Ted Cruz is now second in Iowa. He's an improvement from Trump, but I still wonder about his electability in the general election. I also would like someone with executive experience, but Trump has mostly cleared the field of candidates who have that credential (Walker, Jindal, Perry).

My sense on Marco Rubio is that he's simply too callow to be president. I like vision and soaring rhetoric as much as the next guy, but there's a thin line between inspiration and boilerplate.

Ben Carson is a good man who has no business being president. He's not going to make it and I get the sense he knows it, too.

Jeb Bush is still hanging around on the fringes, hoping that somehow he can can find a way to catch the prize as the others fall. If he were everyone's second pick, that might be plausible. He's not.

I still like Carly Fiorina, but the only time you see her in this campaign is on the debate stage. Until she demonstrates that she can remain visible, she won't be a factor. My guess is that's too late.

At this point, the guy who might have the most upside in the election is Chris Christie. It's difficult to forgive him for his behavior at the end of the 2012 cycle, but he's pretty good on the stump and he can be effective in debates. He's due for a second look and my guess is that he'll get one.

John Kasich is a scold. Scolds aren't elected president.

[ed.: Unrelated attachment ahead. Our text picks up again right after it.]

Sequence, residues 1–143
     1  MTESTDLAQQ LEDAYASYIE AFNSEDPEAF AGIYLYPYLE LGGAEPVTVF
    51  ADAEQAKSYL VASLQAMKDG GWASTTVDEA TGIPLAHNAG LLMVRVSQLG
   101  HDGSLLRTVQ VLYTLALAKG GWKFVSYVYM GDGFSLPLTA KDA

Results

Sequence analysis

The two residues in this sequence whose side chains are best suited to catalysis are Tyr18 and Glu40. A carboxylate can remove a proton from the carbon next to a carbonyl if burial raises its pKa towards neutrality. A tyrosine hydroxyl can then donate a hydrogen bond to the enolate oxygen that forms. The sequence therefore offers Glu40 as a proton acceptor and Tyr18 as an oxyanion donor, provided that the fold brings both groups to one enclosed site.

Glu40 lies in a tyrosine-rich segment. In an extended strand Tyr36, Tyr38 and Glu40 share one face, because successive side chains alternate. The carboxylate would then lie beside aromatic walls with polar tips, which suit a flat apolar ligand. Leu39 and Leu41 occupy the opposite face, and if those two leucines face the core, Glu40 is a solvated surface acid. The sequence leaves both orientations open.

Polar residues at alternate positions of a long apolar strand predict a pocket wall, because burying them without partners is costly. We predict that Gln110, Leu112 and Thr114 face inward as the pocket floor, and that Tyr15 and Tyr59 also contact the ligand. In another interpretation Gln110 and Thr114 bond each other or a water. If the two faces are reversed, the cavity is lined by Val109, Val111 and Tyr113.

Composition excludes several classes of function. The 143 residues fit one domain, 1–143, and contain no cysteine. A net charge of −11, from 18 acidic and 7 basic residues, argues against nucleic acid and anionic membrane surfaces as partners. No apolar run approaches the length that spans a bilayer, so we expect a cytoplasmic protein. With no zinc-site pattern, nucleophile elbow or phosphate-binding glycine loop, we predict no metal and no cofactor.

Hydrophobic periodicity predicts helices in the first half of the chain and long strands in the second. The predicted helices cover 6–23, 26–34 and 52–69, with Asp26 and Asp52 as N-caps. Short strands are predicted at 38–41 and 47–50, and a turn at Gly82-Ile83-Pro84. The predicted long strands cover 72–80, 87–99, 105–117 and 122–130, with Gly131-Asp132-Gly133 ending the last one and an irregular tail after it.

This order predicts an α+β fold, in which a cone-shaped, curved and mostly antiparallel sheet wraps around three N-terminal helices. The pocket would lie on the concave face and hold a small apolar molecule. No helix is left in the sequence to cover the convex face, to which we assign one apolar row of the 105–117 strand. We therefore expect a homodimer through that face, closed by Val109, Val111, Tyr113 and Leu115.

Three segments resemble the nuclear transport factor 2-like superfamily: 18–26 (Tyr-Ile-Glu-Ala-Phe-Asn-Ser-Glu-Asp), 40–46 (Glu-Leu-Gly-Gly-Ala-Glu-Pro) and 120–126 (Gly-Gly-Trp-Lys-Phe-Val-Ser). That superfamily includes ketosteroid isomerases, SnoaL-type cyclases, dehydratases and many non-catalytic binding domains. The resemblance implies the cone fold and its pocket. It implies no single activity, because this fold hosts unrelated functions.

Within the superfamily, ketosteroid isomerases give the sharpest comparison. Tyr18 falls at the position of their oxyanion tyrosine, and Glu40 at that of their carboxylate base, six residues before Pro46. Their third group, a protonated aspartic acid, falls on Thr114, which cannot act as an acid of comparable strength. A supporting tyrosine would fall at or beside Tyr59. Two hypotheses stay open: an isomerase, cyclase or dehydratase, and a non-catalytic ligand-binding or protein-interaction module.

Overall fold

No one else in the race matters. Where do you see it?

Saturday, December 12, 2015

Ten Years of Blogging

Things can change substantially in 10 years. Amazingly enough, I am still blogging and somehow, after over 4,800 posts, here we are.

It all started as a bit of a lark. I missed the heyday of this ephemeral genre, which was really around the time of the 2004 presidential election. That was the time when bloggers like the guys at PowerLine could actually lead the charge to stop the corruption of the mainstream media. I got in the game at least a year too late to join in that fun. Can't say that I missed it, though.

When I set up the blog, I was in the middle of my lunch hour at Bank of America in Bloomington, Minnesota. That same lunch hour, two of my colleagues also started blogs. Those blogs are probably still out there someplace, in the vast expanse of the World Wide Web, but they went moribund a long time ago. I never would have guessed that this blog would still exist a decade later.

At the time, my family faced a dilemma. My job was moving to Portland, Oregon, and I had to decide whether I wanted to go there, or remain in the Twin Cities and find something different. As it happened, I decided to stay here and blogging became a way to cope with what became a frustrating job search.

For the first 18 to 24 months of this enterprise, I did not seek an audience. As I learned more about blogging, I decided that I could get into the game and reach a wider audience. I joined the MOB (Minnesota Organization of Bloggers, now also moribund) and did reach a wider audience, but I never pursued one with a concerted effort. Although I have had some posts that had over a thousand page views, the audience for this feature has rarely gone much beyond a few hundred readers. Many of my friends, and nearly all of my coworkers, are not even aware that I have a blog. In some respects, this is a secret enterprise that is hiding in plain sight. And that's okay.